Start | Stop | Continue — A Great Evaluation Tool

StoplightAs we move from one year into the next or even just from one project into the next, it is important to have a way of evaluating what came before. Having a quick, simple way of looking at the good, bad, and ugly in any system gives us fodder for how we might like things to go in the future.

A while ago, I came across an activity called Start | Stop | Continue. It was a tool I was actually taught by one of my clients who asked that I facilitate the process for him. It seemed simple enough and, happily, ended up giving him solid information about — what was for him — a human resources project.

It wasn’t until I was looking for an easy evaluation tool for another client to use (I was writing a strategic plan workbook for them), that I revisited Start | Stop | Continue. It was the perfect tool for the job — simple, quick, and (most importantly) offered immediate results.

Passing the Torch

So, I’d like to pass Start | Stop | Continue on to you now. All you need is to gather some people, make a tea or another delicious beverage, and start the process that I’ll outline below. If you have a large company, find representatives from each area of your business so you have a nice sample of who really works to make the company what it is. If it’s just you, that’s perfect too.

Start | Stop | Continue

  1. Gather around a whiteboard or big paper. Depending on your company culture, you may want to offer everyone the chance to write or draw their ideas. You may also decide that a discussion is best with one person recording. You know your group the best and can make this determination — just please know that there are a multitude of options and that they’re all okay
  2. Give some context and boundaries for what you’re asking for feedback about. If you’re evaluating a specific project, make sure that is clear. If you’re looking at overall feedback on company policies, culture, and work environment, let them know. This step will help avoid tangents and wrong turns later on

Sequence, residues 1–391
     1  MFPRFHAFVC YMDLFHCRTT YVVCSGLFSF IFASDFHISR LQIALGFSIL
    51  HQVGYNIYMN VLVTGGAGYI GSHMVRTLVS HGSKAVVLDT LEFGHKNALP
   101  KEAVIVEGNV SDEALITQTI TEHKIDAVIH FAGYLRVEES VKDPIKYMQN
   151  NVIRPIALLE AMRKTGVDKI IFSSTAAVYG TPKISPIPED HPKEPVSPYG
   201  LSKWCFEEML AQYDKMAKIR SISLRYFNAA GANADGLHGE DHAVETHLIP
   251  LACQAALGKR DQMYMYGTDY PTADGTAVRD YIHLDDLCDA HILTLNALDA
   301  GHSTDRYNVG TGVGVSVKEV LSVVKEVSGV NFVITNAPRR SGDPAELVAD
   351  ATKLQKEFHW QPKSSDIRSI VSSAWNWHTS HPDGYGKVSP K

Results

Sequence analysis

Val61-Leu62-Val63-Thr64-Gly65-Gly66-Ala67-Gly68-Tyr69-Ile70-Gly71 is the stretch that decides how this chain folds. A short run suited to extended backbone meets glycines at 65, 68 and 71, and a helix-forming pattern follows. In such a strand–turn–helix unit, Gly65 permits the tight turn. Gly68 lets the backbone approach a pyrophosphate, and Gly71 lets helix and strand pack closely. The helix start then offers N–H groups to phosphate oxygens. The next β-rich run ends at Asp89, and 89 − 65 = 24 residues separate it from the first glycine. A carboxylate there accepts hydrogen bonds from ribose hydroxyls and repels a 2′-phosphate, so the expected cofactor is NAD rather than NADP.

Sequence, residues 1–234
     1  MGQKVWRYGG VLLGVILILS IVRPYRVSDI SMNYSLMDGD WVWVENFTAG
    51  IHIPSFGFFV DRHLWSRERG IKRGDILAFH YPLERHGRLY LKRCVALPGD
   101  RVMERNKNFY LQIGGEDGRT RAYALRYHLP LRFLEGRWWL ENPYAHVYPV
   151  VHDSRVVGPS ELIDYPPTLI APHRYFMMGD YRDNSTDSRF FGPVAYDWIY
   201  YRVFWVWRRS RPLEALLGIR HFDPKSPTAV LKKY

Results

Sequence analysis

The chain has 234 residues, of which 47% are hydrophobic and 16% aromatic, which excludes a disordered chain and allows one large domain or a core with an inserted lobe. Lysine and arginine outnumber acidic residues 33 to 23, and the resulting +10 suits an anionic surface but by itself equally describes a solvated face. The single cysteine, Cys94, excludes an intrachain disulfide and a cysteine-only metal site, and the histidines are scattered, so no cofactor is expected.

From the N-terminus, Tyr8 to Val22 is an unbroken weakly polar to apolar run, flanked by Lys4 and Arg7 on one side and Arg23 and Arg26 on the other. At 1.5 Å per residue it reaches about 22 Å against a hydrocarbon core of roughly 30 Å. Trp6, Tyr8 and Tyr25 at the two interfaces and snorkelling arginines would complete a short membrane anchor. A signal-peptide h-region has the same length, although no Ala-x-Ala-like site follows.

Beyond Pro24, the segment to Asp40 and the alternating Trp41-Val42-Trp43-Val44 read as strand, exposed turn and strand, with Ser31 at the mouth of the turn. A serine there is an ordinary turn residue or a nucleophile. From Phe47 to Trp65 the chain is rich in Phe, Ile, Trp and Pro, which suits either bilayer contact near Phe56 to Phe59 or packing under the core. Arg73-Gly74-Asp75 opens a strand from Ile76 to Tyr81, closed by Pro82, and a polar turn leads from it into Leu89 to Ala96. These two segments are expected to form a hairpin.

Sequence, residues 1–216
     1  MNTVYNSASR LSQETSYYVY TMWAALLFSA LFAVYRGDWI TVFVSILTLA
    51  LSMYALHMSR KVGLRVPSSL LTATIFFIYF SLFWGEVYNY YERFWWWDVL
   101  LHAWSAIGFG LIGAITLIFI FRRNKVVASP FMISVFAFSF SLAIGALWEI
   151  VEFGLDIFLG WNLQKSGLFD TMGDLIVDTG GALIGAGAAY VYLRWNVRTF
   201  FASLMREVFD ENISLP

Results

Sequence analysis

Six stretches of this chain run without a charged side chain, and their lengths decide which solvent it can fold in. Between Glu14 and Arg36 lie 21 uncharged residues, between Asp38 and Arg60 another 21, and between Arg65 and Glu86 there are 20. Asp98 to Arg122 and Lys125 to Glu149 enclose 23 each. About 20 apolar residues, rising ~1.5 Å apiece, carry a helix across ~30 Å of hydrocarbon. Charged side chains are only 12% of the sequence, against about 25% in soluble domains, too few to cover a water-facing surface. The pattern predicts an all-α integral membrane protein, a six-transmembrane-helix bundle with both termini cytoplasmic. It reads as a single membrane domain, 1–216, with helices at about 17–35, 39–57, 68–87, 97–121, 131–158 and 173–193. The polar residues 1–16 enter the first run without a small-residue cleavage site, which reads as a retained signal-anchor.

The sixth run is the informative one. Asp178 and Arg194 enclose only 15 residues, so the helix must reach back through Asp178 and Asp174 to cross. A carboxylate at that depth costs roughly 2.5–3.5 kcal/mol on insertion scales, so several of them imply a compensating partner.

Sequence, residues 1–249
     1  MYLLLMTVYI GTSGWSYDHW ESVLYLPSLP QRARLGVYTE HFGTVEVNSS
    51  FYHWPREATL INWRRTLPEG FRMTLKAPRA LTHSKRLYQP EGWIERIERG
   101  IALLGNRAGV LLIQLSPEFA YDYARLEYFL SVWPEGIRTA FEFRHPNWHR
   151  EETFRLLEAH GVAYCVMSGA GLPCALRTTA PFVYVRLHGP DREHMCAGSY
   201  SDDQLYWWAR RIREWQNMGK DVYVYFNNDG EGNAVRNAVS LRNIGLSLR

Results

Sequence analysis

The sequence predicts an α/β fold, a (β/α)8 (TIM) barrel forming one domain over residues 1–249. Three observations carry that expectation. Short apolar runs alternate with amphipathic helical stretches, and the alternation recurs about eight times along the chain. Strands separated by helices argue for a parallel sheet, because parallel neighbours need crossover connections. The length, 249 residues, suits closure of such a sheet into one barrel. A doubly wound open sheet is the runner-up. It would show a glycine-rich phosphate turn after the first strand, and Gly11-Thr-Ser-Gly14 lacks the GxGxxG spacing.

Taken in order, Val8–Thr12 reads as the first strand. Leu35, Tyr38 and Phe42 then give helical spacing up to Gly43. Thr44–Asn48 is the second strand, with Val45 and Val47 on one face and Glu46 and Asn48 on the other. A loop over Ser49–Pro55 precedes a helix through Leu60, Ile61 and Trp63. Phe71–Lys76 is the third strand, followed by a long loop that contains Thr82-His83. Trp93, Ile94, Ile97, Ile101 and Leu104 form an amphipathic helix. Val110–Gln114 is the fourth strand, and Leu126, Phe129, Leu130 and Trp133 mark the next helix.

3. Brainstorm on what needs to “Start.” Is there something currently missing from company policy? Is there a process that needs to be developed for future projects? Is there a marketing target that your company has been missing out on? Just because it’s brainstormed here, doesn’t mean it’s set in stone as an activity. Just get all the ideas out onto the paper or whiteboard
  4. Brainstorm on what needs to “Stop.” Is there a policy that is unnecessarily limiting? Is there a layer of bureaucracy that can be lifted off a process? Is there an activity/product/service that is no longer serving its purpose or hitting its targets? These are the types of things you want to discuss here. Again, this is not the time to take offense or poo poo ideas. Record, clarify, and add notes in as necessary
  5. Finally, “Continue” gets its time in the spotlight. What works really well? What process/service/product is foundational for your company? What new activity is doing amazingly well and should be kept? This doesn’t mean that there are no improvements for these items, just that they need to stick around
  6. Review the information for clarity. You’re going to be reviewing this information later, so make sure that all the doodles, notes, and scratches make sense. Ask the group to clarify if there are areas you don’t really remember the details for. This is an important step. Please don’t skip it
  7. Ensure that the record is permanent. Did you use a whiteboard to record the ideas? Take a photo. A big piece of paper? Fold it up and store it safely until the next step

I now want you to take some time away from the results of your Start | Stop | Continue exercise. Go home for the evening or weekend. Don’t think about it.

The Results and What To Do With Them

When you return, pull out the record and look at it with fresh eyes. This is why the review/clarify stage was so important! Look for trends in the results. Look for ideas that will solve nagging issues. Prioritize them, flesh them out, and decide what to move on and what to leave for now. You cannot do everything, so be discerning.

Now, write some goals for the year (or quarter or to be done before the next project — just be sure to add a time component). There is magic in the number 3 for some reason, so I always suggest three goals. If you have a shorter amount of time, however, feel free to choose one item. It’s much better to move forward in one area than to flap around in several.

Let Me Know How it Goes

Please feel free to send me an email or comment below. I would love to hear how this goes for you!